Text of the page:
[73. ]Engels, Herrn Eugen Dührings Umwälzung der Wissenschaft, p. 305. Publisher’s Note: In English translation p. 392.
[74. ]Marx, Zur Kritik der politischen Ökonomie, ed. Kautsky (Stuttgart, 1897), p. xi. Publisher’s Note: The quote cited in Marx’s Zur Kritik der politischen Ökonomie(A Contribution to the Critique of Political Economy) may be found on p. 11 of the Eastman anthology; p. 12 of the Kerr edition.
[75. ]Engels, Herrn Eugen Dührings Umwälzung der Wissenschaft, p. 304. Publisher’s Note: In English translation, p. 391.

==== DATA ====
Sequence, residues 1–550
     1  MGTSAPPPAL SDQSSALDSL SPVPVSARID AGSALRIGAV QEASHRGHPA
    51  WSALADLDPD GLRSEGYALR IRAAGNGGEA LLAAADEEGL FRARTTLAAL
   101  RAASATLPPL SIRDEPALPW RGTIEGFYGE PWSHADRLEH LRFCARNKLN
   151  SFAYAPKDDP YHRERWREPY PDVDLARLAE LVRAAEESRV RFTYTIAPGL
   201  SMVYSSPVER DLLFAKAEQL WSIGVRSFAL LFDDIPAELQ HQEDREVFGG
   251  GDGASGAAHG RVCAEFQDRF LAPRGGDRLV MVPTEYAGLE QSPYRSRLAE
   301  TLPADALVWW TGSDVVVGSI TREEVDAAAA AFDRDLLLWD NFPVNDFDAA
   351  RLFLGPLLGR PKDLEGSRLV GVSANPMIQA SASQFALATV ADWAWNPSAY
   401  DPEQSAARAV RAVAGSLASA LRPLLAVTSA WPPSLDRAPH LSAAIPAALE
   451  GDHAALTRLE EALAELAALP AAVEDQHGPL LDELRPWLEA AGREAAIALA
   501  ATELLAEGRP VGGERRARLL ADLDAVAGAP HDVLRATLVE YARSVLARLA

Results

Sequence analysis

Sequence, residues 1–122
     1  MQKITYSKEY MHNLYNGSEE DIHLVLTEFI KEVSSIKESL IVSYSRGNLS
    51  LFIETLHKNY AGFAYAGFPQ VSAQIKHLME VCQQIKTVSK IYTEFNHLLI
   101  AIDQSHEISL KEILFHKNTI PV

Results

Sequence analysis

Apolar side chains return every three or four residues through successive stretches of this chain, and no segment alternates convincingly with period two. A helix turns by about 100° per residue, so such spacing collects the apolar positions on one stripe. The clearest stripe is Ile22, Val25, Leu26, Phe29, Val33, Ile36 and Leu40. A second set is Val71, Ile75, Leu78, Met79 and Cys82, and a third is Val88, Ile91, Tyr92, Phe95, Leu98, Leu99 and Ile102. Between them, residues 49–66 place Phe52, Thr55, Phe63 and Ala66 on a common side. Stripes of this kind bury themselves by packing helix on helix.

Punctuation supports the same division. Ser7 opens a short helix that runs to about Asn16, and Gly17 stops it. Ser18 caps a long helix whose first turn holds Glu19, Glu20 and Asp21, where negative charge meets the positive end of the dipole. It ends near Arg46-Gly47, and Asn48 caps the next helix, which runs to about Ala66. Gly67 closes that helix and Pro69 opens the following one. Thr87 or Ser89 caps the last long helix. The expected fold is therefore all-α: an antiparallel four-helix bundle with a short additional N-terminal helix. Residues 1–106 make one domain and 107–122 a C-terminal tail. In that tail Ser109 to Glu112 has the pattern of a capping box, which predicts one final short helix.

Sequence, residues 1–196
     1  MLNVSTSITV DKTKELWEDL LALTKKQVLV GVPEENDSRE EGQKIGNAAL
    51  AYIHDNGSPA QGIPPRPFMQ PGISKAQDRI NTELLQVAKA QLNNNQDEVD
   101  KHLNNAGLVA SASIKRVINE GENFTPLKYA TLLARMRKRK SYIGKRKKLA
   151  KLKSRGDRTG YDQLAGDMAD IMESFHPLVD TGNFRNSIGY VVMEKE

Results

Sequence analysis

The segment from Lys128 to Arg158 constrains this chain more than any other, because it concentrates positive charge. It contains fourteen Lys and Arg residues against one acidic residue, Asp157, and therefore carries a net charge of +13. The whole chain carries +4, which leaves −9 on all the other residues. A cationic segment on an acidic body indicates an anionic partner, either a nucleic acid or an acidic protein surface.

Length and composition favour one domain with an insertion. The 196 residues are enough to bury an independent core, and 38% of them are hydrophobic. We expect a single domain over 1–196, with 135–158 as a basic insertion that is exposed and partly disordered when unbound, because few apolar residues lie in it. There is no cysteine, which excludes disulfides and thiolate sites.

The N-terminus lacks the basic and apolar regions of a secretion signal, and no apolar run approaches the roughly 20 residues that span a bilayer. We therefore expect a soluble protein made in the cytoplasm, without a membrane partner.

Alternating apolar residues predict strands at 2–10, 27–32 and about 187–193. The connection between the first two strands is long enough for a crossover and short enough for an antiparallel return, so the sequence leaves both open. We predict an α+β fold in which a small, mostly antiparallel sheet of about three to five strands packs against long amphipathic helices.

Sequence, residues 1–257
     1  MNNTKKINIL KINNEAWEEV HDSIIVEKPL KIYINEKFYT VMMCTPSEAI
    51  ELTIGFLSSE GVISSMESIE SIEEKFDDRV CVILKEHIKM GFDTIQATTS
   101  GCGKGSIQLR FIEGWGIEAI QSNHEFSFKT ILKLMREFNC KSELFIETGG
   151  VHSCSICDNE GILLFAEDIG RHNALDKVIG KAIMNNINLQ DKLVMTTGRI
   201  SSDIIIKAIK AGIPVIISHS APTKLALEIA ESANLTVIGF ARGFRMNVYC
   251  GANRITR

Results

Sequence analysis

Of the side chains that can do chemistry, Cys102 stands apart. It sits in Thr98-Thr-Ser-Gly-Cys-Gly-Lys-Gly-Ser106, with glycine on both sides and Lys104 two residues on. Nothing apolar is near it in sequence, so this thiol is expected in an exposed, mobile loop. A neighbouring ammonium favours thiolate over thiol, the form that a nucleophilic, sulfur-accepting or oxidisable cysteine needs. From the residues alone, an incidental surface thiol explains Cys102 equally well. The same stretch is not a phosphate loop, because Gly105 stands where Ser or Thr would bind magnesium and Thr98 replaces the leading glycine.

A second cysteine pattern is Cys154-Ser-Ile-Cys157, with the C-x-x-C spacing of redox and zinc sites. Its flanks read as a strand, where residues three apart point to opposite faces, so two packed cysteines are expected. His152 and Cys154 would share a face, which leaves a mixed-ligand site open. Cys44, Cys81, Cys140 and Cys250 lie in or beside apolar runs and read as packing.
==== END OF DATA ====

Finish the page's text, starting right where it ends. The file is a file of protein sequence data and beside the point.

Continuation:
[76. ]Max Adler, Marx als Denker, 2nd ed. (Vienna, 1921), p. 68.
[77. ]On Kautsky’s attempted proofs, pp. 159 ff.
[78. ]Kautsky, Die Diktatur des Proletariats, 2nd ed. (Vienna, 1918), p. 12.
[79. ]World War I (Pub.).
[80. ]Ibid., p. 40.
[81. ]Marx, Zur Kritik der politischen Ökonomie, p. xii. Publisher’s Note: In English, p. 11 of the Eastman anthology; p. 12 of the Kerr edition.